- Studies in Indian History and Civilization, 1962, p 351, Buddha Prakash; Cultural Heritage of India, p 625, Debala Mitra; Indological Studies, 1950, p 78, Bimala Churn Law.
- Inscriptions of Asoka: Translation and Glossary, 1990, p 84, Beni Madhab Barua, Binayendra Nath Chaudhury; Journal of the Asiatic Society, 1956, p 256, Asiatic Society (Calcutta, India); Indian studies: past & present, 1964, p 365, Indo-Aryan philology; Maurya and Post-Maurya Art: A Study in Social and Formal Contrasts, 1975, p 36, Niharranjan Ray.
- Cf: The Śikh Gurus and the Śikh Society: A Study in Social Analysis, 1975, p 139, Niharranjan Ray.
- The History and Culture of the Indian People, 1962, p 264, Ramesh Chandra Majumdar, Achut Dattatrya Pusalker, A. K. Majumdar, Dilip Kumar Ghose, K. M. Munshi
- Ch. 95, verse 18; see also: Vedic Index, Vol 1(Hindi Translation), page 138 , A. A. Keith, Arthur Berridale; Iranians and Greeks in Ancient Panjab, 1973' p 3, fn 15, D. C. Sircar
- See: Dielectrics of Hindu Ritualism, 1956, pp 59/60, Bhupindranath Datta; See also: Hindu Law of Inheritance-- An Anthropological Study, 1957, p 3
- Encyclopedia of the Peoples of Asia and Oceania, Barbara A. West, Infobase Publishing (2009), ISBN 9781438119137 p. 359
- Encyclopaedia Indica, "The Kambojas: Land and its Identification", First Edition, 1998 New Delhi, page 528
- Numerous scholars now locate the Kamboja realm on the southern side of the Hindu Kush ranges (in the Kabul, Swat, and Kunar valleys) and the Parama-Kambojas in the territories on the north side of the Hindu Kush. See: Geographical and Economic Studies in the Mahābhārata: Upāyana Parva, 1945, p 11-13, Moti Chandra - India; Geographical Data in the Early Purāṇas: A Critical Study, 1972, p 165/66, M. R. Singh
- Purana, Vol VI, No 1, January 1964, p 207 sqq; Inscriptions of Asoka: Translation and Glossary, 1990, p 86, Beni Madhab Barua, Binayendra Nath Chaudhury - Inscriptions, Prakrit).
- The Peoples of Pakistan: An Ethnic History, 1971, pp 64-67, Yuri Vladimirovich Gankovski - Ethnology.
- History of the Pathans, 2002, p 11, Haroon Rashid - Pushtuns.
- Michael Witzel Persica-9, p 92, fn 81.
- Asoka and His Inscriptions, 1968, pp 93-96, Beni Madhab Barua, Ishwar Nath Topa.
- Studies in the Geography of Ancient and Medieval India, 1971, p 100, D. C. Sircar.
- Mandal and Sinha 1980, p. 57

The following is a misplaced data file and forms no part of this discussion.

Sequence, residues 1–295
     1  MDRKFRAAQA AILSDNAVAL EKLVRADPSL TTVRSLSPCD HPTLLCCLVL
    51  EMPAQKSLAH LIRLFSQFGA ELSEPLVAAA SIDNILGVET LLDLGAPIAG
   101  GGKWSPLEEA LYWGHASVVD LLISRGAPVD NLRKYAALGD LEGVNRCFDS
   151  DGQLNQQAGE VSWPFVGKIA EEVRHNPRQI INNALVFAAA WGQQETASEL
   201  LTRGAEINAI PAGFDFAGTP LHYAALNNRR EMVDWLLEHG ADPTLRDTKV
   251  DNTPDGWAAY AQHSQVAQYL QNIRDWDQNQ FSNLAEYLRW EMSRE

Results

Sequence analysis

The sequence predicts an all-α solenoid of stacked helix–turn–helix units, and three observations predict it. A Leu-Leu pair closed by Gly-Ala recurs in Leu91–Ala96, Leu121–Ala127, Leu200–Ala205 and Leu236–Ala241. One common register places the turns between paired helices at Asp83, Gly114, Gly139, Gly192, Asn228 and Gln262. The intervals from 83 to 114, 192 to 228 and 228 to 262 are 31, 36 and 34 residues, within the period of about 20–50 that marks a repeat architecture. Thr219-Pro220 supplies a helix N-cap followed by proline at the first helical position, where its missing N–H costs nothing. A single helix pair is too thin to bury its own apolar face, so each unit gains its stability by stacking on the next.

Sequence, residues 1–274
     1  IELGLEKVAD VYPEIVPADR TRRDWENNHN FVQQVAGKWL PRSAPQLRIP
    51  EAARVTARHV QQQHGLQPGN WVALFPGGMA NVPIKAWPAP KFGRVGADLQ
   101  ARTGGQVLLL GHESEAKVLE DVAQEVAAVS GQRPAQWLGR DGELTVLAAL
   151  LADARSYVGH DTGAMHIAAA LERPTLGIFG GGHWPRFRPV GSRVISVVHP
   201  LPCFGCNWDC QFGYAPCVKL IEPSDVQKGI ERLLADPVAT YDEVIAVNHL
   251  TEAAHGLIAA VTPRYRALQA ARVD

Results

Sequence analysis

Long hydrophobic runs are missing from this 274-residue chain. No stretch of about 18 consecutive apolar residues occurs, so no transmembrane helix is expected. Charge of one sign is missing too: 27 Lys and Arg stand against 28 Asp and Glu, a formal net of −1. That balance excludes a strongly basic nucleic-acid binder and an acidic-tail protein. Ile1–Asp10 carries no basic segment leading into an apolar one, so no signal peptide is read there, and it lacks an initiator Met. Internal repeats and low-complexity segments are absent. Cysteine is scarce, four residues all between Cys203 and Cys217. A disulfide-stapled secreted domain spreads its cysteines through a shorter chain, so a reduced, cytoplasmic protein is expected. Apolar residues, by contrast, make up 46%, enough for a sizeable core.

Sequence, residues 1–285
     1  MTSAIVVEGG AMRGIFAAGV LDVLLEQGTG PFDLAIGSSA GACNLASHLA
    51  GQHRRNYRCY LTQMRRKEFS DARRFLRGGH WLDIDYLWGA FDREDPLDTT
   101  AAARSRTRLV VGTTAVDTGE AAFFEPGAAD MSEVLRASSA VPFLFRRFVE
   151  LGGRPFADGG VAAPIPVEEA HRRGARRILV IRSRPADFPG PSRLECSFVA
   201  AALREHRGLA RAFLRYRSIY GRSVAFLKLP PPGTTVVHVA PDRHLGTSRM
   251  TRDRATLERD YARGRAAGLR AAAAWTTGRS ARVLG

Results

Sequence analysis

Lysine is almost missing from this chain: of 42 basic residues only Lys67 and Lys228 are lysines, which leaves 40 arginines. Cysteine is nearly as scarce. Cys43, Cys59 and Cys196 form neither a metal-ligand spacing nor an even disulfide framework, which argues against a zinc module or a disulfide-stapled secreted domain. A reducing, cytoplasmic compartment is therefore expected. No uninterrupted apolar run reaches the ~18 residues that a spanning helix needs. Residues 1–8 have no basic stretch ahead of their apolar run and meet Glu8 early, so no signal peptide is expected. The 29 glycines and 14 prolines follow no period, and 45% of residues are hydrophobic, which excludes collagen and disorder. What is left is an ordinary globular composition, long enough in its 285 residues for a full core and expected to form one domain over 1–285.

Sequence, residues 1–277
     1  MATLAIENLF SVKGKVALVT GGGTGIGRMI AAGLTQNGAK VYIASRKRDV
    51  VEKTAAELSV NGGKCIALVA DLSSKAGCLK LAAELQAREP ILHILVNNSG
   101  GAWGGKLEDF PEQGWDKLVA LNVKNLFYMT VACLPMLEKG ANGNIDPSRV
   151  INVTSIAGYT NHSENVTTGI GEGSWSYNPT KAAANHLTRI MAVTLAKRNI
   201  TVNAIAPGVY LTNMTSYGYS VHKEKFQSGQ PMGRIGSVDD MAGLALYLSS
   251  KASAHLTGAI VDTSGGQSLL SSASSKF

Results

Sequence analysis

- See: Proceedings and Transactions of the All-India Oriental Conference, 1930, p 118, J. C. Vidyalankara
- The Deeds of Harsha: Being a Cultural Study of Bāṇa's Harshacharita, 1969, p 199, Vasudeva Sharana Agrawala
- Central Asiatic Provinces of the Mauryan Empire, p 403, H. C. Seth; See also: Indian Historical Quarterly, Vol. XIII, 1937, No 3, p. 400; Journal of the Asiatic Society, 1940, p 37, (India) Asiatic Society (Calcutta, Royal Asiatic Society of Bengal - Asia; cf: History and Archaeology of India's Contacts with Other Countries, from Earliest Times to 300 B.C., 176, p 152, Shashi P. Asthana; Mahabharata Myth and Reality, 1976, p 232, Swarajya Prakash Gupta, K. S. Ramachandran. Cf also: India and Central Asia, p 25 etc, P. C. Bagchi.
- Indian Historical Quarterly, 1963, p 403; Central Asiatic provinces of the Maurya Empire, p403, H.C. Seth
- History and Archaeology of India's Contacts with Other Countries, from Earliest Times to 300 B.C., 1976, p 152, Shashi Asthana; Mahabharata Myth and Reality, 1976, p 232, Swarajya Prakash Gupta, K. S. Ramachandran.
- "The Town of Darwaz in Badakshan is sill called Khum (Kum) or Kala-i-Khum. It stands for the valley of Basht. The name Khum or Kum conceals the relics of ancient Kamboja" (Journal of the Asiatic Society, 1956, p 256, Buddha Prakash [Asiatic Society (Calcutta, India), Asiatic Society of Bengal]).
- India and the World, p 71, Buddha Prakash; also see: Central Asiatic Provinces of Maurya Empire, p 403, H. C. Seth; India and Central Asia, p 25, P. C. Bagchi
- Journal of the Asiatic Society, 1956, p 256, Asiatic Society (Calcutta, India), Asiatic Society of Bengal.
- Talbert 2000, p. 99
- For Tambyzoi=Kamboja, see refs: Pre Aryan and Pre Dravidian in India, 1993, p 122, Sylvain Lévi, Jean Przyluski, Jules Bloch, Asian Educational Services; Cities and Civilization, 1962, p 172, Govind Sadashiv Ghurye
- Lalye 1985, p. 133
- For Ambautai=Kamboja, see Witzel 1999a
- Patton and Bryant 2005, p. 257
- Geography 6.18.3; Journal of the Royal Asiatic Society of Great Britain & Ireland, Royal Asiatic Society of Great Britain and Ireland, p 199; Ancient India as Described by Ptolemy: Being a Translation of the Chapters, 1885, p 268, John Watson McCrindle - Geography, Ancient.